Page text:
Digital Publishing Steps Beyond the PDF [Link]

by Jessica Lu on July 20, 2012

Open Access journals in other disciplines are starting to provide value-add services beyond static PDFs or cross-referencing with other papers. One such example discussed in the article below is a feature called figshare now being used in the F1000 OpenAccess journal in biology and medicine.

Figshare embeds not only a figure in the article, but also the associated data used to make the figure, even raw data sets. They highlight that all “figures” are citable, sharable, and discoverable. Each object has its own DOI and is cross-linked from the PDF to the figshare repository and back again.

Is this the way of the future for Astronomy journals as well?

{ 4 comments… read them below or add one }

1 Aleks July 20, 2012 at 6:39 am

By the way, there are currently only about 20 astronomy “publications” on figshare, by approximately 5 authors (three of them have beet at dotastro 4). Which means it is still very easy to feel like a pioneer there.

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2 Martin Durant July 20, 2012 at 9:17 am

We are starting a project to do such a thing on a volunteer basis: FITS files displayed in figures in papers can be uploaded here http://pulsar.astro.ufl.edu/ImageDB/index.php for others to search through and download. It is natural that the processed data that goes into a journal image should be available to the community.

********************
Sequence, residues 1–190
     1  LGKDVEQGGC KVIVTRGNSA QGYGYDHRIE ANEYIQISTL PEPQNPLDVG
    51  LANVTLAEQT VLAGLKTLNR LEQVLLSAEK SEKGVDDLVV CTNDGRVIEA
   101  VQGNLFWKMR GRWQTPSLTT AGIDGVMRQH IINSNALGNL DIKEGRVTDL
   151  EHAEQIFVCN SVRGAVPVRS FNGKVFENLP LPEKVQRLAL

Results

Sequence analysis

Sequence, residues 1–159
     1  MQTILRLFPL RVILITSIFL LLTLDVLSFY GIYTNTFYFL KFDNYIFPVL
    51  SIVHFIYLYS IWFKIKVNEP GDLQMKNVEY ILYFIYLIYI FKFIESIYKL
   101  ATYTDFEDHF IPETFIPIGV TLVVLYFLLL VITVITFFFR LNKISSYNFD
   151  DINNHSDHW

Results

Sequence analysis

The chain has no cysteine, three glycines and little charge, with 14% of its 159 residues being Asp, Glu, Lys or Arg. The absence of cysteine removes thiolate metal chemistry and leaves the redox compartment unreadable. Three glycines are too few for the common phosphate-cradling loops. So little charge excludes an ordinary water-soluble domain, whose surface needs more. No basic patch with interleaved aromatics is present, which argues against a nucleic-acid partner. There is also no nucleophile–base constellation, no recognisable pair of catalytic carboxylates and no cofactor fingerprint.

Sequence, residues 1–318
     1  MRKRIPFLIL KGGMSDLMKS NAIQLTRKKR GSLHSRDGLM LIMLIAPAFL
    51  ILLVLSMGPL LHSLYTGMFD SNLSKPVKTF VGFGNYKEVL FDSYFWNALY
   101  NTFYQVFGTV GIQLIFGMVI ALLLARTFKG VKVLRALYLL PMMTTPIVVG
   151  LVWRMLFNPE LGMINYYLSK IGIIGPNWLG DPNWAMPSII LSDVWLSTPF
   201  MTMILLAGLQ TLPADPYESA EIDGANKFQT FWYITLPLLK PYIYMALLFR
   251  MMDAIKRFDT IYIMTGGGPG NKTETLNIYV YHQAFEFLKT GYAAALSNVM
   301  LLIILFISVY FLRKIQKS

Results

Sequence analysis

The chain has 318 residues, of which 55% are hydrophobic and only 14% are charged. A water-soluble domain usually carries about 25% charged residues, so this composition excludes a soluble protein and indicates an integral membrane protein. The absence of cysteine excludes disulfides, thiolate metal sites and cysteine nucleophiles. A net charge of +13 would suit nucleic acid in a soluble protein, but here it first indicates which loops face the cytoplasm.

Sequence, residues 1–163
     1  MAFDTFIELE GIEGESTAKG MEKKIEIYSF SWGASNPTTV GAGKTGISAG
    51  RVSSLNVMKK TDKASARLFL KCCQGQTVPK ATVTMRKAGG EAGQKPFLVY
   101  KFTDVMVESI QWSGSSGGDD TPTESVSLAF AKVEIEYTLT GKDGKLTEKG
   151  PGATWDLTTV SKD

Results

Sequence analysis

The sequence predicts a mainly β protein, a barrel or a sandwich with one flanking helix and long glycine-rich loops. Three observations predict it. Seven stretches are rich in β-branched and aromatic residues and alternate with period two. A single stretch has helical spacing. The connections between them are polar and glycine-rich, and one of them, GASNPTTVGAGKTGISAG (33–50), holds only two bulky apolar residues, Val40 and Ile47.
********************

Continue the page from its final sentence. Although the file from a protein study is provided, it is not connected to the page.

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3 Aleks July 20, 2012 at 5:23 pm

Martin, that looks interesting, but from the website it’s kind of difficult to see how it works exactly. Is the idea to provide a link in the journal paper that leads to the FITS files? If yes, it’s similar to the Dataverse at CfA (http://theastrodata.org/) and certainly in the right direction, but still a very long way from the directly embedded data shown in the F1000/figshare publications.

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4 Martin Durant July 22, 2012 at 9:44 am

Ha, and I couldn’t figure out how Dataverse works! 😉

Our idea is to have access to the FITS files, processed and with WCS, which are shown in papers. There is no need for the papers to refer to the database, but it would be nice. Simply, our database stores the files, indicating which paper they appeared in, and any other details the uploader chooses to share. We haven’t yet made the front page which would explain this in a rigorous way.

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